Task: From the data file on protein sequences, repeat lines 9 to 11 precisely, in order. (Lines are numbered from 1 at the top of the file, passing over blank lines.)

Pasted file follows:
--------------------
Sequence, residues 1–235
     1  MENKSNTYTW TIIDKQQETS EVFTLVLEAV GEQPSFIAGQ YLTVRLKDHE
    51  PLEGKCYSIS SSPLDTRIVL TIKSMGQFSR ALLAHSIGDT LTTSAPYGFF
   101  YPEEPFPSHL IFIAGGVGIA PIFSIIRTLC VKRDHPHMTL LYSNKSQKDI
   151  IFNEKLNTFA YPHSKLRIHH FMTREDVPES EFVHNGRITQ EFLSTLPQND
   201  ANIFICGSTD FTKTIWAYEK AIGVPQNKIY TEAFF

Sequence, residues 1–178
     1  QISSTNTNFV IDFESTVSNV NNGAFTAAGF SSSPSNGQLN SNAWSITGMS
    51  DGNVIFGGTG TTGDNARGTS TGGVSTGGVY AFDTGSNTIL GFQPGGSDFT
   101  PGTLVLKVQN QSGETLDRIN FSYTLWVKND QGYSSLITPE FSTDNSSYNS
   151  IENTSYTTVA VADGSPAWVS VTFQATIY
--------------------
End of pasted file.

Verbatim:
    51  DGNVIFGGTG TTGDNARGTS TGGVSTGGVY AFDTGSNTIL GFQPGGSDFT
   101  PGTLVLKVQN QSGETLDRIN FSYTLWVKND QGYSSLITPE FSTDNSSYNS
   151  IENTSYTTVA VADGSPAWVS VTFQATIY